Infant Effects on Experimenter Behavior

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Beginning in the late 1960's (e.g., Bell, 1968), a considerable literature has emerged documenting the impact of children's characteristics on their own care and biopsychosocial outcomes. Yet, surprisingly little research has focused on the impact of the child on the experimental setting. It is well known in the infant literature that infant emotional states contribute to their own attrition, and even cognitive performance (e.g., Fagen et al., 1991). Less well known is the extent that infant characteristics contribute to experimenter social engagement. In the present investigation, we explored whether two experimenters responded to infants differently as a function of infant temperament. Sixty- 334 five infants (37 girls) visited the lab at M = 15.38 months (SD = 1.99). Mothers completed the Infant Behavior Questionnaire - Revised (IBQ-R) and a demographic assessment. Temperament measures derived from the IBQ-R were reduced to three overarching superdimensions (negative affectivity, effortful control, and surgency) from 14 subdimensions. Infants participated in a Brooks and Meltzoff (2005) type gaze-following procedure. On Trial 1, either of two experimenters sitting directly across from the infant established eye-contact by calling the child's name, said "Look!", then turned their head to look at a target object on the infant's left for 8 seconds. On Trial 2, experimenters followed the same procedure but looked to the infant's right. Trial 3 was the same as Trial 1. On Trials 4-6, experimenters followed a right-left-right pattern, with the exception that an Elmo videotape played on a monitor behind and above the experimenter as soon as the experimenter looked at the target object. Trials 4-6 were designed to test gazefollowing under conditions of distraction. The two experimenters did not differ statistically from one another in looking to the target object on any trial (see Table 1; t's <= 1.60, p's => .12); although, due to procedural requirements looking time for both experimenters differed as a function of distraction condition [F(1, 57) = 98.53, p = .000; see Table 1]. Nevertheless, during a procedural fidelity check, and despite both experimenters being blind to children's temperamental status, we found that experimenter looking time to the target objects in the control condition was correlated with both effortful control and surgency (see Table 2). These correlations were carried primarily by the subdimensions of duration of orientation and perceptual sensitivity, respectively. Evaluating the correlations separately by experimenter showed that both experimenters appeared to be susceptible to infant temperament. These results raise the possibility that even highly trained experimenters, blind to child temperament status, may be responsive to child characteristics when implementing experimental protocols. Obviously, in the present case, when experimenters remained visually engaged with target objects for longer periods of time for certain children, those children had greater opportunity to demonstrate gazefollowing. In principle, children high in effortful control and surgency could demonstrate longer gaze-following not as a direct effect of their temperament, but as an indirect effect of their temperament mediated through an experimenter. Future experimental researchers may wish to include temperament instruments as standard protocol to test for experimenter fidelity.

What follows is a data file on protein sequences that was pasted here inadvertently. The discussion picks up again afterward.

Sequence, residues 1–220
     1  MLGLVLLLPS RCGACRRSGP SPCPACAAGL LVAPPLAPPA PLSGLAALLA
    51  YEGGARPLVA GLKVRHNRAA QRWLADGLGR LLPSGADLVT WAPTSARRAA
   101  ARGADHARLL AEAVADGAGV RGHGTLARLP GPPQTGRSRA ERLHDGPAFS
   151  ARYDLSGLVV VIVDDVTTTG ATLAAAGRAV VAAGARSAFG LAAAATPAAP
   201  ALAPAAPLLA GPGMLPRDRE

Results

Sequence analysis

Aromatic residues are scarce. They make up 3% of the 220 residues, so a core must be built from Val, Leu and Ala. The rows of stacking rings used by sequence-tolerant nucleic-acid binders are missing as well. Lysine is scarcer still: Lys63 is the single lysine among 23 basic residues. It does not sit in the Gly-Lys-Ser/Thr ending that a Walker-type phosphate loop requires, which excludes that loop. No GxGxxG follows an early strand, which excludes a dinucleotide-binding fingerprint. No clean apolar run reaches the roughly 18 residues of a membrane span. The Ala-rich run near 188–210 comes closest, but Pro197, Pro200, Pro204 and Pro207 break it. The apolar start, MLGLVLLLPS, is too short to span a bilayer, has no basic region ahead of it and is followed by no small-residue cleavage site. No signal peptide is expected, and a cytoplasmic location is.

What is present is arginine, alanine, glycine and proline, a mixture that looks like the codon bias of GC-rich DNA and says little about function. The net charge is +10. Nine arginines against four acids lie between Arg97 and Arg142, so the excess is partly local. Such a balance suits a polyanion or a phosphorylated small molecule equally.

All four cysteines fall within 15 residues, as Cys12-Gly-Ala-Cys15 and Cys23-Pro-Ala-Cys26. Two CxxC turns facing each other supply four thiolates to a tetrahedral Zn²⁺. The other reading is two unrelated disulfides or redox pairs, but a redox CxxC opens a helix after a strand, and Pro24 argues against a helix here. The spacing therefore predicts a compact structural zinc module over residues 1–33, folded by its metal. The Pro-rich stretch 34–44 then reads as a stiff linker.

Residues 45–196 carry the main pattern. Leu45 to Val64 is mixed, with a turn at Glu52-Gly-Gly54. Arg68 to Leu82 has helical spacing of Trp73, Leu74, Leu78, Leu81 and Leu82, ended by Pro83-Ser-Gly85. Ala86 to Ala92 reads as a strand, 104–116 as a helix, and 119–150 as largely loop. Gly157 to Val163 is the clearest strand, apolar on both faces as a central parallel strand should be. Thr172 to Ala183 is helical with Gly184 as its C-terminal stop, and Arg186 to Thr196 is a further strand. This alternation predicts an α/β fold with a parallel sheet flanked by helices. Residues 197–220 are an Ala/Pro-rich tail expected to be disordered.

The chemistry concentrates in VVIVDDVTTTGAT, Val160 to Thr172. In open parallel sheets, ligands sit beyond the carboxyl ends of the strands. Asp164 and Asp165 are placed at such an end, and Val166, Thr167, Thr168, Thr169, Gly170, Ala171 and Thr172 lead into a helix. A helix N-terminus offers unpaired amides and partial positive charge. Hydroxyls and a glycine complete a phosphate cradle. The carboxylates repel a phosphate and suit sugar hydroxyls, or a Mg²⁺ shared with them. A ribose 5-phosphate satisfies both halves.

Philadelphia, PA

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